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Final Study Guide

by: Lana Rose Betts

Final Study Guide CLP4143

Lana Rose Betts
GPA 4.0

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About this Document

I spent a lot of time putting this together. It includes all of the information for Obsessive-Compulsive Disorder, Trauma, Substance Use, and Psychosis. I attended every lecture, and included mat...
Abnormal Psychology
Casey Strickland
Study Guide
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This 9 page Study Guide was uploaded by Lana Rose Betts on Friday December 4, 2015. The Study Guide belongs to CLP4143 at Florida State University taught by Casey Strickland in Fall 2015. Since its upload, it has received 139 views. For similar materials see Abnormal Psychology in Psychlogy at Florida State University.


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Date Created: 12/04/15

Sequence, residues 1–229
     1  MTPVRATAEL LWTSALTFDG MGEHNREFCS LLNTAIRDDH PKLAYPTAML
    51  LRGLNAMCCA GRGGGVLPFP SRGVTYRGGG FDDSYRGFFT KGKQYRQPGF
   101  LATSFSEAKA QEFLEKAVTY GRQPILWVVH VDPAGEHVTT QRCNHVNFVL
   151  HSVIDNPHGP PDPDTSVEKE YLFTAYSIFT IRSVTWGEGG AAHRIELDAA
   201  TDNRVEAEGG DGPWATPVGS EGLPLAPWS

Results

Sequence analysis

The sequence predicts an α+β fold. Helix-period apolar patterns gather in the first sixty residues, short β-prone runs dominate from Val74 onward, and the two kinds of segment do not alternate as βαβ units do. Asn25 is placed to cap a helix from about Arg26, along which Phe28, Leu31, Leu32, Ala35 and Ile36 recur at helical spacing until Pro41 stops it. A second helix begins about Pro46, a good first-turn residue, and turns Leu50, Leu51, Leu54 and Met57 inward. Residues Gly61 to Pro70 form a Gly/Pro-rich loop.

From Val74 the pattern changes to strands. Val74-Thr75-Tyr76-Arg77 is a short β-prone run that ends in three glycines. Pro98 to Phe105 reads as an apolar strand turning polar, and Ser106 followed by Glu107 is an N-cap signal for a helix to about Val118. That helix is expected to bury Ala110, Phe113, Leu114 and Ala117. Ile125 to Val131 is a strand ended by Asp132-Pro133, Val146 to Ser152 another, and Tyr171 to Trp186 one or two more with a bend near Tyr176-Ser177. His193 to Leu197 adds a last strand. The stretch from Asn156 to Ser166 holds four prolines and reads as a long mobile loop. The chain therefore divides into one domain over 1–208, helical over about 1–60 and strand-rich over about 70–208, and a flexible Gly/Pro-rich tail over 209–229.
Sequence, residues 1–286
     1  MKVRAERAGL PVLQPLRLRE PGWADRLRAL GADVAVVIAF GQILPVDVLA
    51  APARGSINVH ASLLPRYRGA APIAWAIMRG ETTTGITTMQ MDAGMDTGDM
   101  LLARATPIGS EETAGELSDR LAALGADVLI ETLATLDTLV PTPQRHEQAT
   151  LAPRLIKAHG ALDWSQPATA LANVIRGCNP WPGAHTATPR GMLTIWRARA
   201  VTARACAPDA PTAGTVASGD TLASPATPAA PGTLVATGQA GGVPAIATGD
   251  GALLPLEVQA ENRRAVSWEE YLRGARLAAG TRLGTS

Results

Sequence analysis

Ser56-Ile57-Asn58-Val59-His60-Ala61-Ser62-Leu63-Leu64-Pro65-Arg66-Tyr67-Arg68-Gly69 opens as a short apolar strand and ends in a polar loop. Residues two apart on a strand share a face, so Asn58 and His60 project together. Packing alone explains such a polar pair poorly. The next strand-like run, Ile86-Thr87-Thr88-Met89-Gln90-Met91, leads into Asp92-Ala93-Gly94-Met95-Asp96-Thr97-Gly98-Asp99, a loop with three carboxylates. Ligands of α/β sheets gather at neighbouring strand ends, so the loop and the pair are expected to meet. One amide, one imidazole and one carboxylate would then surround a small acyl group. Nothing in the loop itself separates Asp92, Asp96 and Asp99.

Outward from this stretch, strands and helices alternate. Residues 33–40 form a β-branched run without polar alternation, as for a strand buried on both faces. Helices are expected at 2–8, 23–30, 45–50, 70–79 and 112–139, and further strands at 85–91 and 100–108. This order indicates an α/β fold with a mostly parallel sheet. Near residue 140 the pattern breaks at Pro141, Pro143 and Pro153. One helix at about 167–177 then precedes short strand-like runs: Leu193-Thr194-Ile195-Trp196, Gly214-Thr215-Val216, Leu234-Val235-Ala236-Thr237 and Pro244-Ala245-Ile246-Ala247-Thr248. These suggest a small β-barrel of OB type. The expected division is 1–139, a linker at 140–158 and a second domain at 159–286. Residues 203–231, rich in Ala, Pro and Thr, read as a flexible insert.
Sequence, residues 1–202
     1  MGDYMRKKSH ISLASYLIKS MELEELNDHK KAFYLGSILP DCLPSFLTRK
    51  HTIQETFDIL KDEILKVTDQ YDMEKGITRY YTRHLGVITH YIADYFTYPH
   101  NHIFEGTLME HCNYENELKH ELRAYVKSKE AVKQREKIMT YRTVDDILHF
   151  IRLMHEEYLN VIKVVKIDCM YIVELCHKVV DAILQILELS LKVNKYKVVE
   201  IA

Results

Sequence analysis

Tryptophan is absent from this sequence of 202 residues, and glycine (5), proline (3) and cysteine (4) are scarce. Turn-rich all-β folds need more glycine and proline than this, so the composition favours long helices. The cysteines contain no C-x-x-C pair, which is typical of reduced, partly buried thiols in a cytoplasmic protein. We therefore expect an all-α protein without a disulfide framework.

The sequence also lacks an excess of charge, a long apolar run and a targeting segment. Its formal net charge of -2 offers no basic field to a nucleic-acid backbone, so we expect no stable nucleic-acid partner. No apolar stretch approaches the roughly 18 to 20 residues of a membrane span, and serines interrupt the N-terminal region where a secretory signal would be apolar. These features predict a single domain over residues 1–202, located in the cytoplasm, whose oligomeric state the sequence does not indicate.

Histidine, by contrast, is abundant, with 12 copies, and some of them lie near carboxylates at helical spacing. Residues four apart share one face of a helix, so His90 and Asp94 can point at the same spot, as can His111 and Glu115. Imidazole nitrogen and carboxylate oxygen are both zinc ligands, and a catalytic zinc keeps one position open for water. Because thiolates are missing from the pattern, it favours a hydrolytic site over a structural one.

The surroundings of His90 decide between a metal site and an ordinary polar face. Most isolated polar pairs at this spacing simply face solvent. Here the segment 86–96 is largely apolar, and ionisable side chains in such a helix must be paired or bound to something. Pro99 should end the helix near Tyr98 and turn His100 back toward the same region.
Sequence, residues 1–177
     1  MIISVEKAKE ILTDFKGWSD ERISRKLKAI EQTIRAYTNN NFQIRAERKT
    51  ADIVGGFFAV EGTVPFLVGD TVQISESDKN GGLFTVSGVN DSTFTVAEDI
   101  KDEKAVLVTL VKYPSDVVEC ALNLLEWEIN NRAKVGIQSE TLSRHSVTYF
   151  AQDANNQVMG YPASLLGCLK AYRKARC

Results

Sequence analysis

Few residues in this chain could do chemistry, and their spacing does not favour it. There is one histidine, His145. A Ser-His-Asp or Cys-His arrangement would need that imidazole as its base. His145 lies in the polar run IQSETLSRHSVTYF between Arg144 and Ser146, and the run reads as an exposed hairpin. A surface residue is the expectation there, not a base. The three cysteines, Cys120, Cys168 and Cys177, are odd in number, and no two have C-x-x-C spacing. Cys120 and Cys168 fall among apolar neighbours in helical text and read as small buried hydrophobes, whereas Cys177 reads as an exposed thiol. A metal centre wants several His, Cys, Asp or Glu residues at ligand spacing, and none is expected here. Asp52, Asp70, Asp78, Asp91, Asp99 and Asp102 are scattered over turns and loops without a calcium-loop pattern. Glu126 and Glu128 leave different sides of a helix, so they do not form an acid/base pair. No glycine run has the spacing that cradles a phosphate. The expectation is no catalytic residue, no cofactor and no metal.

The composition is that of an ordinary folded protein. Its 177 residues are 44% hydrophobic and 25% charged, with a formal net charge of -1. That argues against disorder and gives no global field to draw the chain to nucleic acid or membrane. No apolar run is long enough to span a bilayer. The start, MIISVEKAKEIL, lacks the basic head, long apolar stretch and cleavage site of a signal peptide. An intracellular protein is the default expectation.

CLP4143 FINAL STUDY GUIDE OCD, Trauma Disorders, Substance Use, Psychotic Disorders OBSESSIVE COMPULSIVE DISORDER: ***OCD used to be categorized in the DSM as a type of anxiety disorder, because OCD & GAD are often hard to distinguish. It was until the most recent revision, DSM V, that it became its own stand-alone disorder*** Symptoms: Obsessions and/or compulsions An understanding that the behavior is unreasonable (this requirement is not necessary for kids) Distressing & time-consuming (engaging in OCD behavior for >1 hour per day) Obsessions: o Intrusive, unwanted, recurrent thoughts, images, or impulses o Cause a lot of anxiety o Attempts to ignore, suppress, or neutralize w/ a different thought or action o Ex: dirt & contamination (that dust will give me cancer); aggressive impulses (I really could punch my friend right now); unwanted , usually immoral sexual thoughts (I keep thinking about having sex with my parents); immoral behavior (smoking or drinking) o Not simply GAD. If Alicia has GAD, she may intensely worry about whether she locked her car or not, and may check it. If Alicia has OCD, she may check her car multiple times. Compulsions: o Repetitive behavior or mental acts aimed at reducing distress or preventing a dreaded event or situation o Often linked with an obsession, but there is often no causal link between the obsession and the compulsion. This is known as “magical thinking”. For example, in the clip we watched, a girl believed that if she didn’t tap everything in her house, her family would die. What OCD isn’t!!! People commonly say “you’re so OCD” when their friends like to organize. But enjoying organization does not equal OCD. Many people enjoy color-coding their M&Ms, but they do not fear a dreaded outcome if they do not. Prevalence & Course: 1-3% over life course No gender difference Onset before 30, but men tend to get it earlier than women (ex. John gets OCD at 22 while Rose gets it at 29) If someone develops OCD at a later age, they should see a neurologist; it might be a sign of another disease. Chronic ½ of sufferers are unemployed or underemployed Commonly comorbid w/ MDD, other anxiety disorders, or eating disorders Biological Theories: Genetics: OCD is substantially heritable—more than any anxiety disorder Structure: o The orbital frontal cortex is involved in higher level thinking o The basal ganglia (specifically the caudate nucleus) receives & processes the strongest thoughts & impulses—it acts as a gatekeeper o The strongest impulses are then sent to the thalamus, and then people behave in a way to ease the impulse. PET scans & fMRIs show that people with OCD have a dysfunction in this flow so that their impulses continue after their behavior. Biological Treatment:  Antidepressants that target serotonin (SSRIs) decrease OCD symptoms by 50-80% O.O Cognitive Theories:  Why can’t sufferers of OCD just “turn off” their thoughts?  People with OCD are more likely to have rigid, moralistic thinking & feelings of responsibility. o These lead to overprediction of consequences o When people have high morals, they may overreact when they have an immoral thought (remember examples of unwanted sexual behavior), and try not to think about it again. In reality, the more you try to control your thoughts, the more you are unable to. For example, if you tell someone “don’t think of a horse,” they are going to think of a horse. Behavioral Theories:  As with the all the anxiety disorders we’ve learned so far, the key is operant conditioning & negative reinforcement. Sufferers do their compulsions to decrease their distress/ease their obsession. C-B Treatment: Exposure and Response Prevention (EXRP): therapists place patients in a situation to heighten their obsession, anxiety, and prevent them from doing their compulsion (ex. have a patient with dirty hands be unable to wash their hands for a while) o 60-90% effective! O.O o 20-30 minutes—the time it takes for OCD anxiety to naturally wash out without compulsion. TRAUMA DISORDER: Traumatic Stressors: sudden/unexpected events that involve actual or threatened harm or death Features of a disorder: in order to be diagnosed with PTSD, you must exhibit these symptoms for at least 1 month:  Re-experiencing: intrusive thoughts/memories, nightmares related to the event, flashbacks, acting as if the event were occurring again (Flashbacks are more of a feeling, like feeling the weight of a rapist on top of you. Acting as if the event were happening would be like running away from a pedestrian, because you thought he was your rapist.)  Avoidance: o External: avoiding places, people, objects, & situations (ex. not driving a car because you were involved in an accident) o Internal: avoiding thoughts, memories, feelings  Change: change in belief about self & world (ex: “there’s something bad about me that caused my victimization”), persistent negative emotion, anhedonia  Excessive physiological arousal: sleep problems, irritability/anger, difficulty concentrating, hypervigilance (consistent alertness), exaggerated startle response Acute Stress Disorder: includes all of the above symptoms, but for 28 days or less. This diagnosis is helpful for people who need therapy or medication, but have not met the 1 month requirement for PTSD. Generally, however, clinicians wait before making a diagnosis, because the above symptoms are natural reactions to stressors. Prevalence & Course: 60-70% of people witness or experience traumatic events, but only 10- 12% develop PTSD. Lifetime prevalence rate of 7% Men have a higher risk of exposure to traumatic stressors, but women have a 2x risk of developing PTSD. Vulnerability: o Sociocultural: severity of the event (Did I break my ankle or both of my legs in a car crash?); duration of the event (How long did the crash occur, from impact time to arrival at the hospital?); proximity of the event (Was I in the crash? Did I drive by the crash? Did I see it on the news? Did I know a victim?); social support (Who is helping me through this?) o Psychological: belief in the “just world” hypothesis—people & fate are inherently good; preexisting distress (ex. GAD); harmful coping styles (drugs, isolation) o Biological: physiological hyperactivity, especially in the amygdala; higher hippocampus functioning (this region is involved in memory, and PTSD symptoms involve remembering the event); chronically low baseline cortisol levels (although stress is high during PTSD episodes, it is low in general situations); genetics (one study that examined Vietnam War veterans showed that if one identical twin developed PTSD, the other was more likely to also) CBT Treatment  Imaginal exposure: recount trauma in detail  In-vivo exposure: real life exposure. They do not put patients in the same traumatic event, but rather the situations they avoid. For example, a therapist might take a man to the apartment complex where he was raped.  Virtual reality: a combination of the two above, this therapy uses videogames & headsets to place the patient in the traumatic event. For example, soldiers may stand on a shakey shakey board, wear headphones that block out all other sound, and wear a headset that places them in a combat videogame.  40-60% improvement rate!!! O.O Medications: drugs do not have nearly as beneficial an effect as CBT. SSRIs have a slight but statistically significant improvement over placebos; relapse is common after patients stop taking them. Benzodiazepines do not work at all. SUBSTANCE USE Substance: any natural/synthesized product that has psychoactive effects. Demographics:  Roughly half of U.S. citizens have tried an illegal substance, men more than women.  Use is highest amongst Native Americans  Whites use drugs more than Blacks do  Those who are 26 & older use the least amount of drugs (they have more responsibilities), those who are 12-17 use more (perhaps due to peer pressure), and those who are 18-26 use the most (they are autonomous for the first time in their lives)  Impulse control isn’t fully developed until the late 20s Cohort Effects: Substance use increased in the 60s-80s, but has decreased in the 80s- 2000. Marijuana is the most common drug that people have ever tried, but alcohol is the most frequently used Intoxication v. Withdrawal: Intoxication: direct effects of substance Withdrawal: effects that occur after use is discontinued, especially when the use was heavy & frequent; these effects tend to be the opposite of intoxication o Some substances only cause effects depending on the amount you take (ex. alcohol), while others cause effects no matter how much you take (ex. ecstasy) Substance Use Disorder: Impaired control over use Social/work impairment Risky use (ex. driving while intoxicated) Tolerance or withdrawal (this symptom is not required, but is a sign of dependence) Substances:  Alcohol & Depressants (barbiturates & benzodiazepines) o Low doses of intoxication: confidence, relaxation, disinhibition. High doses: motor problems, dizziness, impaired sexual performance, depressed mood o 3 Stages of Withdrawal: 1) 2-8 hours after intoxication: hangover, tremors (“the shakes”), nausea, perspiration; 2) 1-3 days: convulsive seizures; 3) more than 3 days: delirium tremens (DTs)—hallucinations, fever, irregular heartbeat, delusions. o Less than 15% of alcoholics experience DT, & it is fatal in 10% of cases o Most common substance use disorder o Most have their first episode in their late 30s o 20% achieve long-term sobriety w/o treatment  Stimulants (cocaine, amphetamines, Adderal & Ritalin, nicotine, coffee) o Activate the CNS o Low doses: competence, energy, alertness, euphoria High doses: grandiosity, impulsiveness, compulsive behavior, agitation, panic & paranoia, cardiac failure o Withdrawal: exhaustion & depression  Hallucinogens (phenocyclodine, LSD, peyote) o Intoxication effects vary: perceptual changes, sense of clarity, euphoria, anxiety, paranoia, loss of motor control o Withdrawal: depression, lethargy  Opiates/Opioids (morphine, heroine) o Low doses: euphoria, warmth, vivid dreams, drowsiness o High doses: unconsciousness, coma, seizures, heart and lung function slows down & stops o Withdrawal: dysphoria, anxiety, agitation, aches, vomiting, diarrhea (but withdrawal is not fatal)  Cannabis o Low doses: relaxation, dizziness, grandiosity, motor impairment, lethargy, dry mouth o High doses: hallucinations, synesthesia (combining of senses— tasting color, seeing words, etc.), paranoia, depersonalization (you do not feel like yourself) o Withdrawal (only occurs with long-term users): anxiety, loss of appetite, hot flashes, sweating, nightmares Theories and Treatment: Biological: o Substance users have increased reward sensitivity. Also, there is a small amount of genetic heritability, but it is broad—if you’re at risk for one drug, then you’re at risk for other classes too. As for neurotransmitters, all types of drugs increase dopamine; cocaine, LSD, & ecstasy increase serotonin, and cocaine & amphetamines increase norepinephrine. o The mesolimbic pathway is a system of brain structures that support the transmission of dopamine (it’s the dope pathway). Drugs increase the activity in the nucleus accumbens & striatum, and decrease activity in the frontal cortex. o Aversive classical conditioning: users take medication (antabuse) that makes the substance punishing instead of rewarding. For example, alcoholics will take a medication when they drink that makes them nauseous; their bodies will then come to associate alcohol with the negative physical effects of nausea. Psychological—Cognitive: o Expectations about the effects of drugs (ex. “wine will make me more sociable”), beliefs about coping (“I cannot stop drinking”), and personality trait disinhibition (“I am not one to inhibit my thoughts and actions), cause one to begin & continue using a substance. Therapists challenge these beliefs. Psychological—Behavioral: o Social learning: substance use is modeled (“Both of my parents smoked, so I think it’s acceptable and normal”) o Enjoying the sensations leads to positive reinforcement (“That was a good trip”) o Avoiding withdrawal leads to negative reinforcement (“Last time I tried to quit drinking, I had a major headache, so I must continue drinking to avoid that pain”) o Cue Exposure & Response Prevention: the therapist exposes the patient to cues for substance use (ex. for an alcoholic, a bottle), then prevents actual substance use. Other psychotherapies: o Motivational interviewing: the therapist does not challenge the patient, but asks a series of open-ended questions. The patient explores his/herself, and makes their own decision whether or not to stop using. o Harm reduction programs: the patient keeps daily records of consumption, learns to calculate BAL (blood alcohol level), and measures the risks v. the benefits of moderate use. PSYCHOSIS Psychosis: inability to differentiate between what’s real & what’s not Psychotic Disorder: when psychosis is distressing & impairing Schizophrenia: the most common psychotic disorder  ***schizophrenia is not the same as having split personalities*** Symptoms of psychosis: Positive symptoms: unusual perceptions, thoughts, or behaviors that he/she doesn’t normally have o Delusions: ideas that an individual believes are true, but are unlikely or impossible (ex. “the nurse staff is plotting to kill me”). They are culture specific (ex. a Christian in a Christian community is more likely than a Hindu in India to have delusions that he is Jesus). Delusions are different from normal self-deception because they are bizarre, preoccupying, and resistant. o Hallucinations: unreal perceptual experiences—often bizarre, vivid, and distressing.  Auditory: can be aggressive, threatening, and/or commanding  Visual  Tactile: feeling something outside/on your body (ex. ants crawling on you)  Somatic: feeling something inside your body (ex. electric shocks in your chest) Negative Symptoms: absence of behaviors that you normally have. These are less obvious, less responsive to medication, but more impairing. o Affective flattening (monotone speech, blank face) o Alogia: less language/not talking as much o Avolition: lack of motivation/movement. This is not like anhedonia; in this case, a person may be walking down a hallway and stop halfway through. Disorganized language: o Derailment & loose associations/off track speech (ex. “I like cats and cats like to chase birds and birds are cool because they fly and airplanes also fly and I’m scare of airplanes but cats are cool.”) o Word Salad: connections of unrelated words (ex. “cats Seminoles green coffee no others fun yes running stop fear”) o Neologisms: making up words (neo=new, log=word) Disorganized behavior: o Unpredictable & untriggered (the therapist must be sure that the patient is not responding to internal stimuli—delusions or hallucinations) o Shouting, swearing, pacing, random repetitive body movements, echololia and/or echopraxia (repeating what someone has said) o Catatonic behavior: disorganized behaviors that reflect extreme lack of responsiveness  No psychomotor activity  Hold the same posture for a long period of time  Waxy flexibility: a possibly unethical act in which the doctors move the limbs of the patients to see whether they go back to their previous position Other features of psychosis/schizophrenia: o Cognitive deficits: difficulty filtering relevant info. from irrelevant info.; difficulty paying attention o Inappropriate affect: laughing at sad things, crying at happy things o Serious anhedonia Phases of Schizophrenia: 1. Prodromal: before the onset of a full episode; often display negative symptoms 2. Acute: the active phase; in order to be diagnosed, the sufferer must display negative, positive, & disorganized symptoms for at least one month 3. Residual: after the acute phase ***left untreated, schizophrenia will stay chronic & episodic. After you experience one episode, you are 80-90% likely to have another Prevalence: 1-2% lifetime prevalence in the U.S. 0.5-2% lifetime prevalence worldwide Not culture-specific Prognosis: Life expectancy is 10 years shorter than the average Increased risk for substance abuse—especially smoking Higher rates of infectious & circulatory diseases More likely to be victims of crime (ex. neglect by caretakers, assault) Gender Differences: Men are much more likely than women to suffer from schizophrenia— studies show that they may be 2-4 times more likely Men develop schizophrenia when they’re 17-21 years old; women develop it in their late twenties to early thirties Women have a better prognosis & fewer cognitive deficits Women are more likely to have positive symptoms; men are more likely to have negative symptoms Theories: Genetics: o 50% concordance rate among MZ (identical) twins, and only a 14% concordance rate among DZ (fraternal) twins o You are 50% likely to have schizophrenia if both of your parents have it. Brain structure: o Enlarged ventricles (empty space for fluid) o Reduced bra in volume—specifically in the prefrontal cortex Birth complications: o Perinatal hypoxia (oxygen deprivation while being born) Prenatal virus exposure: o If the mother gets the flu during the second trimester, the baby is more likely to develop schizophrenia. Neurotransmitters: o Dopamine is overactive in the mesolimbic pathway, but underactive in the prefrontal cortex o This is the opposite of Parkinson’s disease; in Parkinson’s, dopamine is underactive. Therefore, the drugs that treat schizophrenia give the patient side effects that resemble Parkinson’s. For example, the patient may have tardive dyskinesia: the inability to control facial expressions. Other: o If you’re at risk for schizophrenia, marijuana use as a teen can increase your risk. o Family history of epilepsy